A first step is to begin by producing and distributing content: press releases, feature-length articles, and blog posts. It may be that your local chamber has additional tools at your disposal, especially if you are a member. One of our clients, located in Tennessee, has access to that state’s tourism site, https://www.tnvacation.com, for example. The client’s sales team can use the site in various ways, such as helping visitors plan their vacation and promising free tickets to events.  

How about having your satisfied customers tell their story through personal testimonials in the form of Case Studies to use as articles and blog posts. Once these are posted on your own blog site, they can be offered to prominent (and not-so-prominent) travel bloggers to use as free content. Don’t forget about curating content for your blogging and micro-blogging from other sources.

Build media relationships. Put together a proprietary database of media contacts for your local media as well as media in your target markets. An extension of this effort would be to build backlinks to publications’ and organizations’ websites and connect with editors and publishers through LinkedIn. Using a media CRM such as Cision comes with a $2,000-plus price tag, but is great if you can swing it.

Learn from competitors. Utilize Google Alerts and other means to track online activity of your competitors. Chandler writes, “You don’t have to contact competitors to learn from them.” She recommends reviewing their on- and off-line materials, studying their services, and paying attention to how they promote themselves.

“Pay attention to where they advertise and what kind of media coverage they have received.”  She mentions that being aware of your competitors’ strengths and weaknesses will also help you respond to any questions you might get from prospective clients.

Social Media. “Many of the independent studies on Google’s ranking algorithm show a large correlation with high-ranking pages having strong social media activity,” says Clarke. “While the official stance from Google is that they do not directly use social signals in their algorithm, the SEO community pretty much agrees it is certainly a factor in achieving rankings.”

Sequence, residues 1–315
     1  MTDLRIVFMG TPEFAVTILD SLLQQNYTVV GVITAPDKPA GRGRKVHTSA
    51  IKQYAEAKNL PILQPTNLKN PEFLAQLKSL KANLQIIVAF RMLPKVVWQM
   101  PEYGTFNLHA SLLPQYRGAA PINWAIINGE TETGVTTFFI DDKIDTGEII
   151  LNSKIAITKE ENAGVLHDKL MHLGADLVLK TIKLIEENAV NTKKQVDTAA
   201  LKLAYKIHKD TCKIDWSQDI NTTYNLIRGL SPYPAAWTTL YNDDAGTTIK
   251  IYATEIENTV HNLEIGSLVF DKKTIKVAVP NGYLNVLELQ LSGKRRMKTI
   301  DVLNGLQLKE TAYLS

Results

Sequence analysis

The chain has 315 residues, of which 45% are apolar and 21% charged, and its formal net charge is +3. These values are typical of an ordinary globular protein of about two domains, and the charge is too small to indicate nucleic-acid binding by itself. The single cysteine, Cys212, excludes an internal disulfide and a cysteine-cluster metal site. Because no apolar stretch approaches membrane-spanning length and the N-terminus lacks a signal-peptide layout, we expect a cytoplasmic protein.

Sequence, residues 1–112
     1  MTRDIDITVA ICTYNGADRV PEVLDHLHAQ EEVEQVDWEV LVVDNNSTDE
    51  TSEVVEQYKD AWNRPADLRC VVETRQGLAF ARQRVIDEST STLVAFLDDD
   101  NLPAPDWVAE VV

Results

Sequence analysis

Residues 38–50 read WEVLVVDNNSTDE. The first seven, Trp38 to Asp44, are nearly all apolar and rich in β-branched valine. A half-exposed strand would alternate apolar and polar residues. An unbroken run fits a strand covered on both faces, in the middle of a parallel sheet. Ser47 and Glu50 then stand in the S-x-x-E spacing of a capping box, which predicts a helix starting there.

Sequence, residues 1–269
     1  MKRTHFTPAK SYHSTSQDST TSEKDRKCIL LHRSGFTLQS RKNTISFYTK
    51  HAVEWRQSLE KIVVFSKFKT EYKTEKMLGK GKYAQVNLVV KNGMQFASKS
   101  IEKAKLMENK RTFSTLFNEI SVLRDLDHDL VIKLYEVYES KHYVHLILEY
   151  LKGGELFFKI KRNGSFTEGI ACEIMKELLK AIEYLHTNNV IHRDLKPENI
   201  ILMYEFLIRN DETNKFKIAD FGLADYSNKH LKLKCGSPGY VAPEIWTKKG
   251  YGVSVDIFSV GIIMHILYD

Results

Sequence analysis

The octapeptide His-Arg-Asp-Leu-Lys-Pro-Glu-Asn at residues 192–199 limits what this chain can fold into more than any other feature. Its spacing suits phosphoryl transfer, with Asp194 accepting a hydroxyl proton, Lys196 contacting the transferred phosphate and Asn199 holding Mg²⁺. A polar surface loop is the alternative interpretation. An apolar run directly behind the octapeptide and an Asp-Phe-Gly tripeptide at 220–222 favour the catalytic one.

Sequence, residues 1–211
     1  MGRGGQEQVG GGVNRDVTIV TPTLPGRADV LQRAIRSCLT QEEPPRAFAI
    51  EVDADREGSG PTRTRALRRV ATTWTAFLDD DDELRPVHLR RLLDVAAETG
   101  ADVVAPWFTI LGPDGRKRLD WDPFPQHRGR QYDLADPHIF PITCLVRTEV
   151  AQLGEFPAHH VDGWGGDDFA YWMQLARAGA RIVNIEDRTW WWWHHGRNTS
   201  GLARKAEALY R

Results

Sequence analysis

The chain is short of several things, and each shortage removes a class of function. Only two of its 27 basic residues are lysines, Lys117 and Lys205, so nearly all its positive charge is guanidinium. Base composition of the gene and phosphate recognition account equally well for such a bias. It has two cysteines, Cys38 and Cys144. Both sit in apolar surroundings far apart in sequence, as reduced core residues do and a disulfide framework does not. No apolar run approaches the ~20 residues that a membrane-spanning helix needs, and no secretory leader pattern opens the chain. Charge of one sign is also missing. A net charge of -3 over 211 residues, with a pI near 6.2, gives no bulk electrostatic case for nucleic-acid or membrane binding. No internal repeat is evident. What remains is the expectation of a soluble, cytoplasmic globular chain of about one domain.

Blogging and Other Secrets

As I wrote in my May 2018 Resort Trades article, “4 Reasons Why Blogging is Still Relevant” (https://resorttrades.com/4-reasons-why-blogging-is-still-relevant), blogging helps you 1) optimize your website, 2) connect with the right customers and connect more frequently, 3) maintain archived content that continues to work for you, and 4) connect with customers.

Remember to focus on quality, not just volume. In my September 2018 Resort Trades article, “Online Lead Generation: Pipe Dream or Full Pipeline?,” I discuss ideal article lengths by referring to an article in Forbes written by John Rampton in 2016 (forbes.com/sites/johnrampton/2016/05/05/7-seo-trends-every-small-business-needs-to-know). Rampton says, “Searchmetrics, for instance, found that the top 10 pages contained an average of 1,285 words. serpIQ, on the other hand, has found 1,500 words to be a good target length.”

Another article suggests the number may eventually change as more readers sign on with mobile devices. According to a post by snapagency.com, (snapagency.com/blog/posts-2018-whats-best-length-seo), “In the past couple years, the best post length for SEO was around 2,000 words. Longer blog posts ranked better, but evidence also seems to suggest that readers don’t typically want to read posts this long.”

The Be-All/End-All

“One of the most powerful on-page SEO strategies is adding more unique, fresh content to your site,” observes Clarke. “If you consistently add new pages to your site, you are going to receive more traffic. In fact, not only can you increase your traffic, you can receive an exponential traffic increase as you publish more content.

“It’s a no-brainer when you think about it. This is why blogs, publishing, and news-type sites consistently get good results in search engines. More contact means more rankings, more visitors, and more sales.”

Finally, a word about quality: If you’re planning to handle the creation and distribution of content, yourself, you may wish to reconsider. Are you going to be able to produce and distribute quality materials consistently? You may well have the intellectual capacity to research, write, post and follow through with the various tasks to optimize your blogging activities. But, before tossing a new, and fairly weighty, additional burden into your in-basket, make sure you have the time to make it a priority. Otherwise, you may be better off outsourcing your company’s online content production.

Sharon Scott Wilson is Publisher of Resort Trades and Golf Course Trades magazines.  Her firm, SharonINK – providing clients with B2B and B2C content – recently became a subsidiary of The Trades Publishing Company and is now called SharonINK/THE TRADES.